Cut the cucumber and mango and cilantro. Have a pie plate or shallow pan filled with a few inches of warm water to soften the wrappers. I use a cutting board for assembly. Put a wrapper into the water until it's soft and flexible (there are usually directions on the package for this too). Lay the wrapper on your board and put a few tablespoons (or half a handful) of noodles, some cucumber, some mango, some carrots, and lots of cilantro in the middle of the wrapper. Fold the top and bottom and roll up the rest. Store in a sealed container in the refrigerator. I put a moist paper towel in the bottom of a plastic container and put the spring rolls on it and they stayed fresh all day. (They may stay fresh longer, but my friends and I ate them all.)
Serve with lots of sauce, because the sauce is the best.
Make these with your kids - they love to help with the assembly, and watching the wrappers soften up into something you can eat is a little bit of kitchen magic.
"My new year's resolutions for 2010 is to find a cause. I want to find something that I care about and believe in and I want to invest myself in. I don't know if it will be a medical cause, like breast cancer or leukemia or brain tumors or children's hospitals, and I'll walk a 5K (or try and run with Sally and not kill myself). Maybe it will be political and I'll find a local campaign and get involved. I don't know. Maybe it will be something smaller, something in our community. But I want a cause. I want a thing. And I'm going to take the whole first part of the year to look and listen and pray and wait." ~ January, 2010
I've looked and I've listened and I've prayed. Several things passed by me that could have been my thing, but none of them really lit a fire in me. But then, about six weeks ago, I checked out a book called "Raising bookworms : getting kids reading for pleasure and empowerment" by Emma Walton Hamilton. I started reading it, and it really spoke to me. I started thinking about my kids and reading, then I started thinking about other kids reading and me being a part of that somehow. I decided that I would try and give books as a gift as often as I could. I bought some books for people. I bought some giftcards for bookstores. It felt good. Then, I got a newsletter from the kid's school about some open PTA positions. One was for the reading program. And I sat down the very same day and volunteered.
That's when I realized that I found my thing: it's reading. (Well duh, you might think. Yes, I thought that too.) It's getting kids to love reading, it's supporting my local library in ways beyond checking out books, it's improving the reading program at our school so that more kids are motivated to read, it's being more intentional about reading with my kids. That's my thing.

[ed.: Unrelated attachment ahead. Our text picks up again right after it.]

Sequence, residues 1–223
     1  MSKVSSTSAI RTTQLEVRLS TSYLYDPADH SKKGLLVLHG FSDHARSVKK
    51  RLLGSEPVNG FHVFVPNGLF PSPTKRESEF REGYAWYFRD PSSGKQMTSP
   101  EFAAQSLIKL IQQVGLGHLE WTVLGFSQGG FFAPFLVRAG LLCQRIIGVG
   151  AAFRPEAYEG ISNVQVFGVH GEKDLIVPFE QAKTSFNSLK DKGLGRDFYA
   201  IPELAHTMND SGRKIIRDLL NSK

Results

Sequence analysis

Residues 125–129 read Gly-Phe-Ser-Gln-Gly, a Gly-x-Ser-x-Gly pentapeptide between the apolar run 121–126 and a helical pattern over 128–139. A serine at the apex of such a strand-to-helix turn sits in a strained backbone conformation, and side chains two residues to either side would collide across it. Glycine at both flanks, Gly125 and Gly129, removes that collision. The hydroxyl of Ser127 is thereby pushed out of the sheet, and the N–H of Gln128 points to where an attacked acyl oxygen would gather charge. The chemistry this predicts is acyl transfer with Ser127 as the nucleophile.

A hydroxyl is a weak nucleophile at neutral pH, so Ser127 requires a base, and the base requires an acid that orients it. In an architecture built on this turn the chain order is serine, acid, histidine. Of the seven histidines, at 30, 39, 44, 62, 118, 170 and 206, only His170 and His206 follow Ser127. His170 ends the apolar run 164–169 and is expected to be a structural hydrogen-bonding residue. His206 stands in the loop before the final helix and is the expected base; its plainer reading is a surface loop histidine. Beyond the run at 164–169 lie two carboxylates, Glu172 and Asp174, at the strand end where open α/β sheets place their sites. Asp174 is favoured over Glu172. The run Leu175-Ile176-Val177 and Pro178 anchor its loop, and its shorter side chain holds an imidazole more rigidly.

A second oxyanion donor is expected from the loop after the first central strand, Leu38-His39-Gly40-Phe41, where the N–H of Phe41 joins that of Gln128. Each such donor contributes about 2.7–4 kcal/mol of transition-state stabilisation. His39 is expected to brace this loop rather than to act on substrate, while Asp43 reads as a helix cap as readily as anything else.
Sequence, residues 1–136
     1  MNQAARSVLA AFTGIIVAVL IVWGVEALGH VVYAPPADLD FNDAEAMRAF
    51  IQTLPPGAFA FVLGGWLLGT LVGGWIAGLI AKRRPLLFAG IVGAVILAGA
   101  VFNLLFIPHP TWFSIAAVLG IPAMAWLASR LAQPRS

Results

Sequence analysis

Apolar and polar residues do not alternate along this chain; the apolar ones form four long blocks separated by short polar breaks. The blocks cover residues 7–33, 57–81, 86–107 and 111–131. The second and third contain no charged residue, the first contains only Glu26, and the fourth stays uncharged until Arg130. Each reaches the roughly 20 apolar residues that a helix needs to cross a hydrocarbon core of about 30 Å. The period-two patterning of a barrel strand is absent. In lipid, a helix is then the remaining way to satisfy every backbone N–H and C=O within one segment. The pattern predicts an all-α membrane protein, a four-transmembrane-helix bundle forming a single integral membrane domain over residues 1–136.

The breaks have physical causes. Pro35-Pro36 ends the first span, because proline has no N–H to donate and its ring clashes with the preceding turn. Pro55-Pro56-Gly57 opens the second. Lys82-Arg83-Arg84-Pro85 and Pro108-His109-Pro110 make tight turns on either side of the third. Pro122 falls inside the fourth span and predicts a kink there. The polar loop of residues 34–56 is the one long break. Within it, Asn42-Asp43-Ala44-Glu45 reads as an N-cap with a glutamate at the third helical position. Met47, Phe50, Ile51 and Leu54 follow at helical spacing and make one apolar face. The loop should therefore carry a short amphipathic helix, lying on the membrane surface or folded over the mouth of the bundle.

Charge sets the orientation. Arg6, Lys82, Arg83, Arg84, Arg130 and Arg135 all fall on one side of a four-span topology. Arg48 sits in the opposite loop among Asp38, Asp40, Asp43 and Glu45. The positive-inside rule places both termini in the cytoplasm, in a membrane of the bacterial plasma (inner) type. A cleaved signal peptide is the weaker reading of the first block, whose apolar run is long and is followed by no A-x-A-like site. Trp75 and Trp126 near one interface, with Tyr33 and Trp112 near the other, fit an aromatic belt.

(Admit it - you thought it was going to have something to do with knittng.)
I finally finished the grey sweater that I have been knitting for myself. I've been waiting a long time to make this sweater for me - I've made two other sweaters with this pattern, and it's practically the perfect sweater pattern to knit. Top down - so you can try it on as you go - very little finishing work - some cables at the bottom to add some shaping and interest so you don't get bored at the end.
It reminds me of a sweater I used to wear. It was my grandfather's cardigan, and my grandma or my mom gave it to me after he died. I loved that cardigan. I wore it so much that it got holes in it and I had to throw it out. Anyway, this sweater reminds me of that one. Of course, now it's summer. But, when fall rolls around, I'll have a nice new sweater to wear.
(I made this for my sister, and hers and mine are different colors, but we have the same button. Matching buttons!)
Well, I found my cause this week. More to come - after school finishes and I turn in my paperwork and come up for air. (oh yeah, and after I turn 40, plan a birthday party for a boy who turns 7, and finish 25,432 other little things between now and next week)
I made up this recipe after eating Amy's frozen vegan black bean enchiladas, which are very yummy and I still keep in the freezer in case I don't have any of my own left. Since I started making these, I've made them every other week by request - they are seriously good. (And easy.) I tried using leftover cooked zuchini, and it was not as good. Raw veggies are better. You can use cooked meat if you eat meat, or skip the fake meat altogether. I buy extra sauce, because we like a lot of sauce around here. They are also good with a side of mexican rice and cheese on top. (Or fake cheese, if you avoid the dairy.)